Telegraph is a new kind of system we call an adaptive dataflow engine. To understand the technology behind Telegraph, it's useful to describe what a dataflow engine is for, and why dataflow needs to be adaptive in the next generation of networked computer systems.
A dataflow engine is an execution environment that moves large amounts of data through a number of operators running on one or many machines. Programmers can use a dataflow engine by writing dataflow operators, and combining them together into pipelines, trees, or more complex dataflow graphs. Examples of traditional dataflow engines include database query engines, network packet filters, and even the simple shells and pipes in operating systems like UNIX and MSDOS.
Dataflow operators can be thought of as loops, which repeatedly receive
data from their inputs, and place data on their output. Some dataflow
operators have only one input (as in UNIX pipes and packet filters), while
others may have multiple inputs (e.g. relational Joins in database query
engines, or aggregation nodes in a sensor network). A typical abstraction
for a dataflow operator is an iterator, which is an object with
3 basic methods:
Some dataflow operators are pipelined, meaning that they produce data to their output before they finish receiving all the data from their inputs. All the operators used in Telegraph are pipelining; many of them were developed in the earlier CONTROL research projects at Berkeley. Other dataflow operators are batch operators, which must receive all their input data before generating any output data. An example of a batch operator is Sort.
Earlier work in both networking and database systems has focused on schemes to implement dataflow across multiple machines in both the wide area and on massively parallel clusters. One nice programming abstraction we use in Telegraph is the Exchange iterator (invented for the Volcano dataflow system), which encapsulates all inter-machine communication and load-balancing within an iterator, making it easy to develop a single-machine dataflow engine and extend it to work across multiple machines.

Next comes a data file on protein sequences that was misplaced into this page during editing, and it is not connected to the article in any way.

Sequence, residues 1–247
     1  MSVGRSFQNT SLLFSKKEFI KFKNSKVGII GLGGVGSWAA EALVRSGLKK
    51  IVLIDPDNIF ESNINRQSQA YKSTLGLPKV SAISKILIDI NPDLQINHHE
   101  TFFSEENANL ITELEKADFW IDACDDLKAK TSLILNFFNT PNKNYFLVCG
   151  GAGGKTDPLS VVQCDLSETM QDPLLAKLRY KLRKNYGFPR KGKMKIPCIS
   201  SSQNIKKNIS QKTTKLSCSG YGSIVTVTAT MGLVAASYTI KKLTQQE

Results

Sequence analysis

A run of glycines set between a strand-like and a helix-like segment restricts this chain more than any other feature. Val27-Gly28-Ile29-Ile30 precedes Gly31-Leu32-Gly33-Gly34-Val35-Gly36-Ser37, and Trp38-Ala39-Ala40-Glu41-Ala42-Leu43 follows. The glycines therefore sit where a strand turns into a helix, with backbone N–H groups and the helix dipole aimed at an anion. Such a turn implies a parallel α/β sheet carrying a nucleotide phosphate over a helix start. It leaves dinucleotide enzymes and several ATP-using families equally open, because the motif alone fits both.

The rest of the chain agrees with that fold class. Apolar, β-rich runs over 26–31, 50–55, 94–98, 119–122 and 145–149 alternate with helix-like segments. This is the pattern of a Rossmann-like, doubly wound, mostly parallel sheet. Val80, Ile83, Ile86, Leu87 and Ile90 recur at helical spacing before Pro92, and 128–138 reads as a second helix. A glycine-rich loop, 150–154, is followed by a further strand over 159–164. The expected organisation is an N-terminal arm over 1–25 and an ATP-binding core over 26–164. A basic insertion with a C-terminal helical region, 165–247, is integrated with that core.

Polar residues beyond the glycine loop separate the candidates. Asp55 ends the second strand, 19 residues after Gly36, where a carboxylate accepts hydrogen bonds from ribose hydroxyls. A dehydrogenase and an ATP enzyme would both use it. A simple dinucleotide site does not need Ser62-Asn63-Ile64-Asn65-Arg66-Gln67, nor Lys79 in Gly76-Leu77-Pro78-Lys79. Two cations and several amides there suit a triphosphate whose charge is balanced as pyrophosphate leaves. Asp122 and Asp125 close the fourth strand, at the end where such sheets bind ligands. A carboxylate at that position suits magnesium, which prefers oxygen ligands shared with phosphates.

A computer system is said to be adaptive if it in the course of its standard operation it repeatedly measures its environment, and decides how to take action based on such measurements. The actions in an adaptive system often affect the environment, and hence an adaptive system is in a constant feedback loop with its environment. This is sometimes described as "machine learning" or "intelligent systems", since the software seems to get better based on its "experience" of how its actions interact with the environment.
The design of Telegraph is predicated on the assumption that most of the exciting new computing problems will take place in very volatile, unpredictable environments. This includes the Internet, sensor networks, and wide-area federated software systems including peer-to-peer systems. In all these environments, performance is volatile: data rates change from moment to moment; machines and services speed up, slow down, disappear and reappear over time; code behaves differently from moment to moment; data quality changes from moment to moment. Also, all of these environments are data-intensive, focused on harnessing the computer as an information tool, not just a calculation tool.
Currently, Telegraph includes two basic adaptive dataflow techniques:
A Simple Telegraph FFF Server Architecture
We've deployed the Telegraph engine to integrated, summarize and browse Federated Facts on Figures (FFF) on the internet. In addition to the core Telegraph engine, the FFF system uses the Telegraph Screen Scraper (TESS), a tool for automatically filling out web forms and parsing results. The basic architecture of a simple single-node Telegraph server looks like the following:
On the far left are publicly available web sites from both companies and the government. These are accessed over the Internet by TESS, the Telegraph Screen Scraper (shown as a spatula in the picture). TESS feeds data into an eddy (the flower), which routes the data adaptively through the four operators (the green ovals), which return data back to the eddy. Once data it ready for output, the eddy sends it over the web to a browser.